Life on our little planet subconsciously became the building blocks for the basis of the entire album. Having dug into the deepest depths of his own mind and mental health issues on 2017’s ‘The Spark,’ Rou and co. decided it was important to open up the floor using the new-found freedom that came from finding the light in the dark following the hardest time of his life.
“On this album, I was in a very different place, and if anything I felt more free. I actually had a choice on what I wanted to write about because I wasn’t in a period of intense hardship in my life, so I had this elevated sense of freedom and possibility, like – what’s possible? What can we do?
“So whereas ‘The Spark’ was about vulnerability and exploring vulnerability as an innate characteristic of our species, this album became about possibility, not just musically and pushing ourselves forward in that respect, but addressing possibility as something in society. I think the last five to ten years have socially and politically shocked us with things we never thought would happen that have happened, so possibility has gone from being something we’ve looked forward to as positive prospects in to something that is now actually quite terrifying, and I wanted to address that.”
If possibility is the pillar on which ‘Nothing Is True…’ leans on, then the balance between optimism and pessimism lies somewhere in between, something which Rou is very much concerned with maintaining.
“One of the things I really don’t like is offering false hope, giving people an ‘everything is going to be fine’. I think a lot of music in our world can offer false positivity, which I think is dangerous, so realism is the most important thing to me.
“There will always be a balance between optimism and pessimism in the music that we make. Likewise, we couldn’t be a doom metal band; positivity will always be central, that was clear from ‘The Spark’. I wrote that album in very much the worst year I’ve ever experienced, and so much of the music still came out positive, both in how it sounded with its upbeat nature but also a lot of the lyrics were full of fortitude. I’m not sure where that came from, I wasn’t trying to do that consciously, but there’s something innately within me that seems to always want to grasp at least one hand in hope even if we’re addressing issues that are actually quite terrifying.”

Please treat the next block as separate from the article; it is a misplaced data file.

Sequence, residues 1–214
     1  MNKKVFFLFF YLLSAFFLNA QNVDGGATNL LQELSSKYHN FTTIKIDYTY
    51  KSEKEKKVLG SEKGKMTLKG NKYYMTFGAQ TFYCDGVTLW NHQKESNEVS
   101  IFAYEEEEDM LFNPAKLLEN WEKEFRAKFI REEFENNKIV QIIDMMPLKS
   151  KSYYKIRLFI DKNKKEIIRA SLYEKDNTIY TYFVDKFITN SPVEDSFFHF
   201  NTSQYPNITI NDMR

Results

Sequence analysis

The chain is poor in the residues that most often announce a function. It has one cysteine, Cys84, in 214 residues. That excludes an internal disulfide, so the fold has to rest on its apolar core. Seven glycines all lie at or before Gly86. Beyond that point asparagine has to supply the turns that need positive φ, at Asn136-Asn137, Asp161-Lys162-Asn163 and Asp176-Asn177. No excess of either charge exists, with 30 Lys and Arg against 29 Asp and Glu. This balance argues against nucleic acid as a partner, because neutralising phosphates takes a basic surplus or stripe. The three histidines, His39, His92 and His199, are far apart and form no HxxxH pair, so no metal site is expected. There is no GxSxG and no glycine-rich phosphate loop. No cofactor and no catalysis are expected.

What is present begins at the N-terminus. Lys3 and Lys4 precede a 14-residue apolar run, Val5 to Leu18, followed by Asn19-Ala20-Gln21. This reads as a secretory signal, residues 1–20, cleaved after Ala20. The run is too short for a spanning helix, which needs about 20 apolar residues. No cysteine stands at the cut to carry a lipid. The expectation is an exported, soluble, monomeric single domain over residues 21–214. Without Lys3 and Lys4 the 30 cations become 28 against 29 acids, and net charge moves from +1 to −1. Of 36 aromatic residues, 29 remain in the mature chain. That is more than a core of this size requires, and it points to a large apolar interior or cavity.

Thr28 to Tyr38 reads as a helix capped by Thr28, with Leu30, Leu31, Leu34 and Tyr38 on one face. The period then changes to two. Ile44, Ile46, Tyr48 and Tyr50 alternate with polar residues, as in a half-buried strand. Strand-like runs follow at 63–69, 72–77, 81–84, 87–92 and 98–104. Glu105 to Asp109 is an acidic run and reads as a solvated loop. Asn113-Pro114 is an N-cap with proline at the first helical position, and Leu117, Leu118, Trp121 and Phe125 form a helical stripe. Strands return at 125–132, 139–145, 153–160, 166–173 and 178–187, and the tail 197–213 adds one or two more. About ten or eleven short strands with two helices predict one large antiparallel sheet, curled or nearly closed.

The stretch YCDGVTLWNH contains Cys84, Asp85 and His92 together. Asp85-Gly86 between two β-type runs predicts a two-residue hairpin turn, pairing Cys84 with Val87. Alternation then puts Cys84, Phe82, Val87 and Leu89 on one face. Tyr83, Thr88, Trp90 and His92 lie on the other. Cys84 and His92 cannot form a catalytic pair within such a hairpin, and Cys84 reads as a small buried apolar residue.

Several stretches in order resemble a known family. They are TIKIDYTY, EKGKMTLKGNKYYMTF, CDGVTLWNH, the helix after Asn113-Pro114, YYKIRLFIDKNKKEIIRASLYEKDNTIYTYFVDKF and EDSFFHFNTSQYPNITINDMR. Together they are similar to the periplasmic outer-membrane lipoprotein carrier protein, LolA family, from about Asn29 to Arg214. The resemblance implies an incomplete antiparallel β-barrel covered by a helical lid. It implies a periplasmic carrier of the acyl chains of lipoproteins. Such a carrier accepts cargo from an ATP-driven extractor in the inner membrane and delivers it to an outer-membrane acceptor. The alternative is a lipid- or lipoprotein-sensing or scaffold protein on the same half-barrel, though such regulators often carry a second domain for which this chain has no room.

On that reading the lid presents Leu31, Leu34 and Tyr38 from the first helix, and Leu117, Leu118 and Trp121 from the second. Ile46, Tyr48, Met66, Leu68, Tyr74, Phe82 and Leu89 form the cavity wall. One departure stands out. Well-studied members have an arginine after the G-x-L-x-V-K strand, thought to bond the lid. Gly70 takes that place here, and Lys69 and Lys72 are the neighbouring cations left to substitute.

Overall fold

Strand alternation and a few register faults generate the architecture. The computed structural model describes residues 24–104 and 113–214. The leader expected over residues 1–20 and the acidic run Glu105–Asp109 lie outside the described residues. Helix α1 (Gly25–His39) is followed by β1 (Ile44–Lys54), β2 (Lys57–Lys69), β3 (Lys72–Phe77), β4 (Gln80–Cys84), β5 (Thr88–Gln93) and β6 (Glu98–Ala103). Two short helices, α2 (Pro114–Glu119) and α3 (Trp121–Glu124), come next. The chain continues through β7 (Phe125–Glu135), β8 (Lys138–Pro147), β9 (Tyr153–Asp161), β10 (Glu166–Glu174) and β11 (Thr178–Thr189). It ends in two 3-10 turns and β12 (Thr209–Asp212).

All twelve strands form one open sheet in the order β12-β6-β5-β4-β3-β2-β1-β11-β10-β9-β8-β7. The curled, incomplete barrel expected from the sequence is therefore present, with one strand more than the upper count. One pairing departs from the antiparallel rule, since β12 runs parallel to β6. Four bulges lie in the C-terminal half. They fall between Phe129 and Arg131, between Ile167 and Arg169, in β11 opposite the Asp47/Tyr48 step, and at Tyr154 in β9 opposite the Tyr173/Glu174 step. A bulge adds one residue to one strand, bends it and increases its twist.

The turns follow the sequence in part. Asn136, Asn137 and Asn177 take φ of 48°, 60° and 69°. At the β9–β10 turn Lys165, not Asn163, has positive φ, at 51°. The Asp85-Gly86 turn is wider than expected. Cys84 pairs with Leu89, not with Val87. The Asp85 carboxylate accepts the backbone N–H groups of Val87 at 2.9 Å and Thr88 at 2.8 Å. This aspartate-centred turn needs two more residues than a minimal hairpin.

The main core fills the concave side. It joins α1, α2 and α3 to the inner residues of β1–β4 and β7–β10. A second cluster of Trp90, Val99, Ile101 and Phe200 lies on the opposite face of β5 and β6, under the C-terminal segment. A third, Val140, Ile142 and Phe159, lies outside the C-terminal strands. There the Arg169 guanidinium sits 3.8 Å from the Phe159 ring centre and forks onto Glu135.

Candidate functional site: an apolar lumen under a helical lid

Rou is careful not to send mixed signals on the messages they’re trying to send, in fact, he makes a point of noting that ‘Nothing Is True’ is a social commentary open for interpretation more than anything else, to encourage and educate the masses.
“All the usual things are there, like the music we’re trying to encourage, it’s diverse, which philosophically we’ve always been about unity, about bringing the diversity of humanity together and we all know how divisive and polarised the world has become, so that’s quite central.
“There’s a degree of seriousness to it. All of the themes we’ve been singing about for like 15 years, they’re getting our species more and more into deeper trouble. There’s an element of annoyance in this record, but it’s important to balance that. ‘Modern Living’ is literally a song taking the piss out of ourselves. I think for people, like me and the guys, and anyone sort of on the left – even though left and right have become somewhat defunct terms – you’re constantly expecting the end of the world. We’re always predicting the apocalypse every other week, and it’s taking the piss out of that a bit.”
It appears that in the midst of the apocalypse, and at the time of writing, a real-world global pandemic, that Enter Shikari have embraced the symbolism of tongue-in-cheek humourism in their music. Humour, much like their music, is a means to an end in evoking the emotional responses required to explore and experiment with the activism the world needs.